Chief Ahpeatone Wooden Lance

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Chief Ahpeatone Wooden Lance

Also Known As: "A'piatan", "Ahpeahtone", "Apeahtone", "Ah-pe-a-ton", "Wooden Lance", "Kills With a Lance"
Birthplace: Medicine Lodge, Barber County, Kansas, United States
Death: August 08, 1931 (75-76)
Carnegie, Caddo County, Oklahoma, United States
Place of Burial: Rainy Mountain Cemetery, Mountain View, Kiowa County, Oklahoma, United States
Immediate Family:

Son of Au-Pia Goodle Red Otter, Kiowa Medicine Man and Kale-pi-thay Sioux Woman
Husband of Guohaddle Ahpeatone and Kaubin
Father of Ralph Mopah Ahpeahtone; Jesse Ahpeahtone; William Ahpeahtone; Olive Boyiddle; Laura Boyiddle and 3 others

Managed by: William Owen "Bill" Irwin
Last Updated:

About Chief Ahpeatone Wooden Lance

Ahpeahtone, also known as Que-Tah-Tsay or Apiatan (1856 – August 8, 1931) was a chief of the Kiowa tribe in Oklahoma, who is regarded as the last traditional chief of the tribe.

Ahpeahtone was born in 1856 near Medicine Lodge, Kansas. His Kiowa name, also spelled Apeahtone or Ah-pe-a-ton, means "Wooden Lance" or "Kills With a Lance". His lineage includes several noted Kiowa leaders and warriors. He was the son of the Kiowa leader Red Otter and related by blood to Little Otter and Red Cloud, the Oglala Lakota war chief. Guipago Lone Wolf, a prominent Kiowa chief was Ahpeahtone's paternal uncle.
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Death and legacy
Ahpeahtone died on 8 August 1931,[1] and is buried at Rainy Mountain Cemetery south of Mountain View, OK.

In 1996, he was inducted into the National Hall of Fame for Famous American Indians in Anadarko and a bust was commissioned in his likeness.[6][7]

The town of Ahpeatone, located in Cotton County, Oklahoma was named for the chief.

Ahpeahtone, From Wikipedia

Kiowa Chief. He was best known for dispelling the "Messiah Craze" which spread through the tribes in 1890 and encouraged the performance of the "ghost dance." He traveled the country searching for the self professed prophet and, finding him in Nevada, revealed him as a fraud at a council meeting at Anadarko, Oklahoma. He was the son of Kale-pi-thay (Sioux Woman) and Chief Red Otter. His father was a brother of Lone Wolf, the elder, Gui-pah-gho. He had three wives: Kaubin, Gouhadle, and Asin Hiddle.

Bio by: Claudia Naugle

The Carnegie Herald, Wed., Aug. 12, 1931

Death Takes Last of Noted Kiowa Chiefs
The last of the Kiowa chiefs is dead. Ahpeatone, tribal chief for 38 years and recognized as such by the government, died at his home near Carnegie early Saturday morning. He had been in failing health for the past two years, but was seriously ill only a short time. He was 72 years old at the time of his death.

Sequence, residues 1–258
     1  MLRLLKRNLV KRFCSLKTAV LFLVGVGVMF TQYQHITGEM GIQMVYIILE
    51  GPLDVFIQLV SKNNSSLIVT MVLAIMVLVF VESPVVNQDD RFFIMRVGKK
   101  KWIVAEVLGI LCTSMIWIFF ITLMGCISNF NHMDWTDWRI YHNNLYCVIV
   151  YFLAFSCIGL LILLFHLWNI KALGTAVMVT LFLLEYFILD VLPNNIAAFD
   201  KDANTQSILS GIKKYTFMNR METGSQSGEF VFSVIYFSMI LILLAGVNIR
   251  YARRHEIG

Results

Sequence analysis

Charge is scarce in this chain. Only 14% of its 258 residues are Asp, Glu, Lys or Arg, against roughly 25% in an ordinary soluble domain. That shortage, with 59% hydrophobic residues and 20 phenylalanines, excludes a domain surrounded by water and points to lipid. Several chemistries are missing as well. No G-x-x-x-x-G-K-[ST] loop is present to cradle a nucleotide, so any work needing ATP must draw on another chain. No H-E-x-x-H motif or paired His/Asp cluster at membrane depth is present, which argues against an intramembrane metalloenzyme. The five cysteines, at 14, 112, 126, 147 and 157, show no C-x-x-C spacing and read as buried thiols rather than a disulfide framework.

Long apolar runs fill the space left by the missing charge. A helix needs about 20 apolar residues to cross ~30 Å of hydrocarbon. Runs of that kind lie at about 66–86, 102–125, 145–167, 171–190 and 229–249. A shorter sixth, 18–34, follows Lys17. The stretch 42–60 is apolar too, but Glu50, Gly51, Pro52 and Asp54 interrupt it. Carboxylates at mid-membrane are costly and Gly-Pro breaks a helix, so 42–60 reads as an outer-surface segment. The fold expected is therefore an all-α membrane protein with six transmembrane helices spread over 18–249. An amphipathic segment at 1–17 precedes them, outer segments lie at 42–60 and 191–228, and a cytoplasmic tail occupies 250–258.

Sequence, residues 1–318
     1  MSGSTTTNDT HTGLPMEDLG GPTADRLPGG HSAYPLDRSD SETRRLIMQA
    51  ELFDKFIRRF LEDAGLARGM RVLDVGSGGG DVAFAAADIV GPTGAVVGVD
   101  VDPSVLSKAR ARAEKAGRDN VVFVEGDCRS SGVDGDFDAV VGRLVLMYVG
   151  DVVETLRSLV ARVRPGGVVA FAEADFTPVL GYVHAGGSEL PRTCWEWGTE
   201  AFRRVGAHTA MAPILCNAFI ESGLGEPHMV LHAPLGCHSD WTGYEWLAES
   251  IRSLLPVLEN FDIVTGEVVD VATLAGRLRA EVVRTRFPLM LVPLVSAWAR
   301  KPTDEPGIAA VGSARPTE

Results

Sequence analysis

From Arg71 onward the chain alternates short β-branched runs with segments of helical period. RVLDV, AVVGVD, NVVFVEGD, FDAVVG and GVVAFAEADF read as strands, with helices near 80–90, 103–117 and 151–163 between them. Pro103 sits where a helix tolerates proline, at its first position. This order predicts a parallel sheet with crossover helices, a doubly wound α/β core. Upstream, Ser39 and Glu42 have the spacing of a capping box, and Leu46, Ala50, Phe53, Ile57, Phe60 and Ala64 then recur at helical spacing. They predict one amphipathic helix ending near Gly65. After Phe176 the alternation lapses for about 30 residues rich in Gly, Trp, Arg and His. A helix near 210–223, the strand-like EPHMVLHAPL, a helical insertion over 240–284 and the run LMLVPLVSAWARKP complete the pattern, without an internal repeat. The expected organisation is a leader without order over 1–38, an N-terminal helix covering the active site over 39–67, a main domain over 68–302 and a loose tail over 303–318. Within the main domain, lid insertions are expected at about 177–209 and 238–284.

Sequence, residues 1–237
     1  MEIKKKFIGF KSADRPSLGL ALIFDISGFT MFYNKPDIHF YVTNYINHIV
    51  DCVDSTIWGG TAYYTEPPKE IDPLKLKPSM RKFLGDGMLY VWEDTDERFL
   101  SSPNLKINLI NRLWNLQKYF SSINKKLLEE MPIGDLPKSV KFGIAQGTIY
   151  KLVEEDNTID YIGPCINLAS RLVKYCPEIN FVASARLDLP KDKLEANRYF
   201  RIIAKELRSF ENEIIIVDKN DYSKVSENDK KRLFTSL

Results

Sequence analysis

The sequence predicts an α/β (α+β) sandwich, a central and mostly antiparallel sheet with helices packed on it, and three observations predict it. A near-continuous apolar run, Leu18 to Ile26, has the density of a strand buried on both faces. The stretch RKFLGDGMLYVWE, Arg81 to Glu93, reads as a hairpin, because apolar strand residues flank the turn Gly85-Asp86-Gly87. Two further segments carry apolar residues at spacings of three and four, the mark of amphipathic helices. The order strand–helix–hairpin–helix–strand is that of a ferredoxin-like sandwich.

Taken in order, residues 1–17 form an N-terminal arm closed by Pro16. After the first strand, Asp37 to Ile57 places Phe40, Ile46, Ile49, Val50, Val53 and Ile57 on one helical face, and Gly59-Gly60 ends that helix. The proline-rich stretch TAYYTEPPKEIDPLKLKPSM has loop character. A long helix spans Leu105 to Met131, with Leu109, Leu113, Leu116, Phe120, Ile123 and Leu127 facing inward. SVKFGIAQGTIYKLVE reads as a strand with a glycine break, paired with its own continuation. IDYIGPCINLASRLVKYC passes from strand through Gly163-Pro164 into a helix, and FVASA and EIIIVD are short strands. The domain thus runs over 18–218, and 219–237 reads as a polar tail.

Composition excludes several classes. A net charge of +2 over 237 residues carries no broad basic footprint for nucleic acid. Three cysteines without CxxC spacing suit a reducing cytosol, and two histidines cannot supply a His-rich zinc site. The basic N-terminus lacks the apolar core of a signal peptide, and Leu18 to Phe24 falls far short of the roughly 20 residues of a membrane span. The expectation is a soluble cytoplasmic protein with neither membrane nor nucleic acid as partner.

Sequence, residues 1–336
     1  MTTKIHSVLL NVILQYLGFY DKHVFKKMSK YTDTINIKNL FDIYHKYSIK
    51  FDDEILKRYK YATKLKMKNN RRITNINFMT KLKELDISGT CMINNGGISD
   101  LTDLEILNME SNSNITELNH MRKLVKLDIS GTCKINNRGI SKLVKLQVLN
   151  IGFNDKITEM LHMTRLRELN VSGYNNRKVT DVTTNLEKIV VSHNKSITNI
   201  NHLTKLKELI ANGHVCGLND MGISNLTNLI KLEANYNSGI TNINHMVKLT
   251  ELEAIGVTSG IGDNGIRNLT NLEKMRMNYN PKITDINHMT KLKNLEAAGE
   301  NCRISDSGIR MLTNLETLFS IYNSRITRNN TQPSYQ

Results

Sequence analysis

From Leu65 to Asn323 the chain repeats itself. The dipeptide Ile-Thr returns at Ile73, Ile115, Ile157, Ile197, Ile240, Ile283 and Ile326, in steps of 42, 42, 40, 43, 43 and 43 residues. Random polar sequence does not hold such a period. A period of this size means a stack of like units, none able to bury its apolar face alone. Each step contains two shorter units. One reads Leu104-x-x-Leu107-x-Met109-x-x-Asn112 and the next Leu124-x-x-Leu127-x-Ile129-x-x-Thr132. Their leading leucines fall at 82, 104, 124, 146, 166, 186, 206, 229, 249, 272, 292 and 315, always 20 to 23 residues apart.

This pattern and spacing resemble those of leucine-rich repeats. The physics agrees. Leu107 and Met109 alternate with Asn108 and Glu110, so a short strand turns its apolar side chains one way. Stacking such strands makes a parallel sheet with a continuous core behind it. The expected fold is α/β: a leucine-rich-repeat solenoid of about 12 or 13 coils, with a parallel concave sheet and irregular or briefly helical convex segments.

Chief Ahpeatone, a nephew of the original war chief Lone Wolf, was born near Medicine Lodge, Kansas and came to Oklahoma as a youth following the moving of the Kiowas to their reservation in this territory. His father lived near Mount Scott but Ahpeatone selected his place a mile southwest of the present site of Carnegie where he has made his home for the past 40 years. He was a familiar figure on the streets here and had the respect of his white neighbors as well as his own people.

About 1890 when the ghost dance or Messiah craze was being spread among the plains Indians, Chief Ahpeatone rendered the government valuable service in convincing members of the Kiowa tribe that such teaching was false. Chief Ahpeatone spent nearly a year among the northern tribes before he found the medicine man who claimed to be the Messiah. Ghost dance worship had already got a start among the Kiowas but was given up when Ahpeatone came home with his report.

Ahpeatone had made several trips to Washington in the interest of tribal matters and at one conference before the opening of the Kiowa reservation for settlement he refused a large sum of money for himself, saying he was interested in seeing all his people received what was due them and asked no special favors because he was chief. He was many time elected a member of the tribal council.

He was converted and joined the Methodist church about 15 years ago. Six years ago he joined the Rainy Mountain church, and remained a member until his death. After his conversion he took an active part in the work of his church.

Funeral services were held at the Cedar Creek church at 11 o'clock Sunday morning by Rev. Methvin of Anadarko and at Rainy Mountain Mission by Rev. King and burial was made in the Rainy Mountain cemetery. He is survived by his wife and five sons, Ralph, Gus, Lon, Edgar and Jesse, and two daughters, Mrs. Hicks Boyiddle and Mrs. Pickler Boyiddle, all of whom live here.

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Chief Ahpeatone Wooden Lance's Timeline

Medicine Lodge, Barber County, Kansas, United States
Oklahoma, USA
Oklahoma, USA
July 1, 1886
Oklahoma, USA
Oklahoma, USA
Oklahoma, USA
July 2, 1895
Caddo County, Oklahoma, USA
June 15, 1899
Oklahoma, USA
March 19, 1907
Carnegie, Caddo County, Oklahoma, USA
August 8, 1931
Age 76
Carnegie, Caddo County, Oklahoma, United States